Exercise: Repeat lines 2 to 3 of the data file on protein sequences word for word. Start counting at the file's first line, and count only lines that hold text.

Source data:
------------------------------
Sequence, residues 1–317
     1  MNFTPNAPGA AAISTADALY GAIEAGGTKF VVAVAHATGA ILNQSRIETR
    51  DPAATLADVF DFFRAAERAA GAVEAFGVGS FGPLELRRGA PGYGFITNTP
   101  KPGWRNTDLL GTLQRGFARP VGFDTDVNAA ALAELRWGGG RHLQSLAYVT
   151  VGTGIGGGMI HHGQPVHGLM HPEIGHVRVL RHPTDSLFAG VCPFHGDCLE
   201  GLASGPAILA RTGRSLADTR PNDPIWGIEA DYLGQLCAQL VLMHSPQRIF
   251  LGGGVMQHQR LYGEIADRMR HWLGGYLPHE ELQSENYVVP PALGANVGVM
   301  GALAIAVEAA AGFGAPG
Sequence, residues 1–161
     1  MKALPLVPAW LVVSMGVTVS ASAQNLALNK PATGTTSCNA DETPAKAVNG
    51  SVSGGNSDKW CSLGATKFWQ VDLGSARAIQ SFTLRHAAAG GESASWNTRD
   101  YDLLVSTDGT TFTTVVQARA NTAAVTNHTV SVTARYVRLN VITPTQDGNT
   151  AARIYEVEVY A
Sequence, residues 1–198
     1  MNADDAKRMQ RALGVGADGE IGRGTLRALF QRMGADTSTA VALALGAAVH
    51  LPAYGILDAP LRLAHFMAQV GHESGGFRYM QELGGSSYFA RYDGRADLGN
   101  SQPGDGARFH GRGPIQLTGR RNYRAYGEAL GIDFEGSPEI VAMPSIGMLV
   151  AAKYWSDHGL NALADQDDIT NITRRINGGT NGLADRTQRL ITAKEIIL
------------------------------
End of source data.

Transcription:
     1  MNFTPNAPGA AAISTADALY GAIEAGGTKF VVAVAHATGA ILNQSRIETR
    51  DPAATLADVF DFFRAAERAA GAVEAFGVGS FGPLELRRGA PGYGFITNTP